“Like Broken China” is the story of a young woman divorcing her alcoholic husband. Right there should be the only trigger warning you need if people dealing with addiction or divorce isn’t something you enjoy. Personally, I thought this book was not only a quick little page turner, with a sort of cozy feel thanks to the sarcastic way the main character tells the story, but I also found the subject matter important. Too often this kind of story focuses on the rebound that these women go through when they leave their bad husbands, or the story focuses on meeting a new guy, not so with Thompson’s book. Instead we get to see why Courtney fell in love with an alcoholic to begin with, and how his disease destroyed their marriage, as well as what it’s like for a young mother of two to get out of that toxic situation before she can even attempt to start her life over.
I’ll start by saying this book is very uncomplicated, so my review doesn’t need to be very long unlike some of my other recent reviews. That doesn’t mean this book is bad because of simplicity, I genuinely enjoyed “watching” Courtney struggle and getting that glimpse of what it’s like to live with an alcoholic, and what it took for Courtney to have finally had enough. It would have been nice if Thompson took that opportunity to have her character go to therapy and show perhaps a healthier way for someone to cope with that kind of situation, but the story didn’t suffer for it so I’ll let it go. But the subject matter is heavy, and while some people find that depressing, I found it real and authentic, and that’s why I felt this was a pretty important story, especially for people that are dealing with a similar experience. But because Courtney has a sort of light hearted / sarcastic way of recounting her marriage and the things that came after, it never felt overly heavy and it made “Like Broken China” an enjoyable read! For the most part.
Towards the end the POV got a little muddled because instead of it just being a flashback where the reader is experiencing one of Courtney’s past traumatic experiences with her husband Matt, or witnessing how the two fell in love to begin with, Thompson includes things like “I’d later learn…” and while not a major thing, it did muddle the timelines a bit for me. Additionally, Courtney doesn’t often feel like the big sister she is supposed to be. She feels a bit weak and lost, and it started to get frustrating. I wanted to shake her and say, “Stop it! Grow up!” and she does at the very end (I loved how the last chapter ended, but more on that in a moment), but it took until the very end for that to happen. I also started to grow a bit tired of the prophetic chapter endings. A few times is great! Having something like “In the end I learned the hard way that the heart can be wrong. Love isn’t always enough. And no amount of it could make Matt someone he is not” just started feeling forced after a while. I think another round of read throughs would have cleaned up the POV, tightened Courtney’s character arc / growth, and caught the few grammatical errors. Still, none of that ever detracted from the quick read this was, and I still enjoyed it even through my frustration.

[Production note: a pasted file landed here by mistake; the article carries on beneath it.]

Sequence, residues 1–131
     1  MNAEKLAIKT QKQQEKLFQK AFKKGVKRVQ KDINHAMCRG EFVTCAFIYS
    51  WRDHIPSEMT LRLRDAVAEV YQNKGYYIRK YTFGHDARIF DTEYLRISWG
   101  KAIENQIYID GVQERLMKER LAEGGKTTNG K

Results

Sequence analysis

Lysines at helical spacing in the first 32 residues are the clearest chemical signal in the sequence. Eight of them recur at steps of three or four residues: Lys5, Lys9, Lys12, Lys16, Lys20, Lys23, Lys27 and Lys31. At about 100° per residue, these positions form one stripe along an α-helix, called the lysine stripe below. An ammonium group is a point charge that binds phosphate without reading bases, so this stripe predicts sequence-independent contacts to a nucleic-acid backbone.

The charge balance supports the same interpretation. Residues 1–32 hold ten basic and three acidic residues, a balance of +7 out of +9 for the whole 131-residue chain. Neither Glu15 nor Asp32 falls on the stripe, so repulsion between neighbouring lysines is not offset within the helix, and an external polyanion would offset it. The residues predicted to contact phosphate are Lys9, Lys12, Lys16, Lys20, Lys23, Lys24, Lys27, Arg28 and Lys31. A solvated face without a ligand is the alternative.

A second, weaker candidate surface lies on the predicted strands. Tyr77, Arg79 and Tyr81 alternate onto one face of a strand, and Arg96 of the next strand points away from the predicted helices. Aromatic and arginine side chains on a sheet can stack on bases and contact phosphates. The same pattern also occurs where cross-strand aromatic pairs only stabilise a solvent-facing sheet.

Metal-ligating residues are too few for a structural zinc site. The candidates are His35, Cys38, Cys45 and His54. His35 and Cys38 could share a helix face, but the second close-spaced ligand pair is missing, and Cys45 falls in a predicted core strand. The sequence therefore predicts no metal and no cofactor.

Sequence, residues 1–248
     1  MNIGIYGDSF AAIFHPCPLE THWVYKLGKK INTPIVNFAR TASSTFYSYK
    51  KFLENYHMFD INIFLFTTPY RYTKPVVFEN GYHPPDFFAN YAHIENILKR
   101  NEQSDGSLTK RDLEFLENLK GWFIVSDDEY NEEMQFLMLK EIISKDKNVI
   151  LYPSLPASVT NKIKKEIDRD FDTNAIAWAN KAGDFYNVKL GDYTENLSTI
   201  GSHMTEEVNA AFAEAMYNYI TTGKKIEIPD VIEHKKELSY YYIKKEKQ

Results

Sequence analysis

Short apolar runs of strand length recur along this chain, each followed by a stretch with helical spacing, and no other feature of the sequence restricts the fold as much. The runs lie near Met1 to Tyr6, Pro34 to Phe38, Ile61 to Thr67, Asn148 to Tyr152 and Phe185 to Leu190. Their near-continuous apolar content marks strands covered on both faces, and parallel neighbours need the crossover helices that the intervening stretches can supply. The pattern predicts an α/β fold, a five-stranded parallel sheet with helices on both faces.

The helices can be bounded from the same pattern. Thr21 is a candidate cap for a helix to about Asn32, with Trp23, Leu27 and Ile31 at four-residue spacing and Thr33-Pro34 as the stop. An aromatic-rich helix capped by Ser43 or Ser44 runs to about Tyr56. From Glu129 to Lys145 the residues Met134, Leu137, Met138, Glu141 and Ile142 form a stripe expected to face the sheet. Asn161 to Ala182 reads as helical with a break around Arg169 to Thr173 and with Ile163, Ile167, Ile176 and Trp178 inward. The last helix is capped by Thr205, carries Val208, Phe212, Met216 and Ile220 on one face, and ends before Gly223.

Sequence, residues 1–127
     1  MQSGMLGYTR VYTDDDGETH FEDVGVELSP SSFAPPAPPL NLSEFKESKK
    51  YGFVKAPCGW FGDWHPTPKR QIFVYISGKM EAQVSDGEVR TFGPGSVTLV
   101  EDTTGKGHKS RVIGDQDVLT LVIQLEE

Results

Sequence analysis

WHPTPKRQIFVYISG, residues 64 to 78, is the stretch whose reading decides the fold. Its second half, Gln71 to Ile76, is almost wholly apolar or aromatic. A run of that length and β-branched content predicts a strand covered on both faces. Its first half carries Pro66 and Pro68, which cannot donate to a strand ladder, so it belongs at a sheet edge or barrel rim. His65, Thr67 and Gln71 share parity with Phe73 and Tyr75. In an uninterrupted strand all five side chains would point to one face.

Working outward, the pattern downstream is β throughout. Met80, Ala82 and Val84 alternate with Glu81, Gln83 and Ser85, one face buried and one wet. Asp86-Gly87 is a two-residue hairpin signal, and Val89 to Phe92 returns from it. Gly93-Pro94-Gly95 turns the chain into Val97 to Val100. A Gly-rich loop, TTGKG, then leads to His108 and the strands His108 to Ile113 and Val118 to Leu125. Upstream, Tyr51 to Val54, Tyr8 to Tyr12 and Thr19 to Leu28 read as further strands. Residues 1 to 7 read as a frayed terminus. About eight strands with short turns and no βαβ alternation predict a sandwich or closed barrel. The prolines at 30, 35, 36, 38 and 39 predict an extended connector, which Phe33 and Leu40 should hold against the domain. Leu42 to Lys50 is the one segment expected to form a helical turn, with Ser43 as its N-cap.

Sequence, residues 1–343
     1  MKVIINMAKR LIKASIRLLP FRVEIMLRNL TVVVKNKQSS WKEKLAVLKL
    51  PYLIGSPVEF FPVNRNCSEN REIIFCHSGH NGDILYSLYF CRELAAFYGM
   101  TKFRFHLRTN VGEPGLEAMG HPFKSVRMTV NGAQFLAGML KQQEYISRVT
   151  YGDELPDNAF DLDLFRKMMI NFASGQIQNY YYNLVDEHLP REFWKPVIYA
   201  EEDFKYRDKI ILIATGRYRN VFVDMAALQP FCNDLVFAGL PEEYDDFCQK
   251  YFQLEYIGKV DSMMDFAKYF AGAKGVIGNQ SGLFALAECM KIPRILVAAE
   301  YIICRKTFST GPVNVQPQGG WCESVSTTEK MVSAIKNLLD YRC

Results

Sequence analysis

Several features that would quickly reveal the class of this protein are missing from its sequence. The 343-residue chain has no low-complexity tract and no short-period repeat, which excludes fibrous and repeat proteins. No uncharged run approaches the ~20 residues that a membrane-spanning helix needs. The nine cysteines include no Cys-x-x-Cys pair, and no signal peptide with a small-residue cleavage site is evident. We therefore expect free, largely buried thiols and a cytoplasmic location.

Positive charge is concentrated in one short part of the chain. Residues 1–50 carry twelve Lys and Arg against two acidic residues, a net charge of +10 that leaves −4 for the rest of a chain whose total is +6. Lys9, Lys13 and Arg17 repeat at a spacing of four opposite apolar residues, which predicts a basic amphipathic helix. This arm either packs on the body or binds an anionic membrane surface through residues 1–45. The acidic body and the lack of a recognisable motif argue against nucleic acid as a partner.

Like I said, I enjoyed the last chapter and how the story concluded a great deal. Due to the heavy subject matter of this book, I was worried that things wouldn’t end well. I won’t tell you how things do end in order to avoid spoilers, but I will say that I felt satisfied and happy with the ending and that is partly because Thompson focuses on showing the reader the struggle Courtney goes through with trying to deal with Matt’s alcoholism, raise two toddlers, balancing selling her home, her job as a dental secretary, and following her dreams to one day be an art teacher. You want Courtney to “win” so to speak because she has been through so much, even as a kid dealing with a father who abandoned her and her sister. So never fear about the depressing subject matter, the book doesn’t end leaving the reader feeling like they need to drown their sorrow in a tub of ice cream. But even though I loved the ending and the quirky way the story is told from Courtney’s POV, the issues I mentioned above keep me from giving this a full 5 stars. I’d say more a 4.25 because it’s definitely above a 4 but still… However, I definitely enjoyed this book and recommend it to most adults, especially those who have some experience with these kinds of things. The read does tend to be cathartic and that is oh so necessary! And thanks to the author for providing me a copy for review!
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